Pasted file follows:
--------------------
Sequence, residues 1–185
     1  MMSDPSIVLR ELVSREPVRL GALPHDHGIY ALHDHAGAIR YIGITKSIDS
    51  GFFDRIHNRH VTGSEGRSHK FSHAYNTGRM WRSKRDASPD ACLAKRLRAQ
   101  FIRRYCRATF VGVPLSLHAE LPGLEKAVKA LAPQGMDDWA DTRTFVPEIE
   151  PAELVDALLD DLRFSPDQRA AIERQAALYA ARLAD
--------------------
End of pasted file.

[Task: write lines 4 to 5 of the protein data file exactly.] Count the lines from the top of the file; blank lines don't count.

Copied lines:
   101  FIRRYCRATF VGVPLSLHAE LPGLEKAVKA LAPQGMDDWA DTRTFVPEIE
   151  PAELVDALLD DLRFSPDQRA AIERQAALYA ARLAD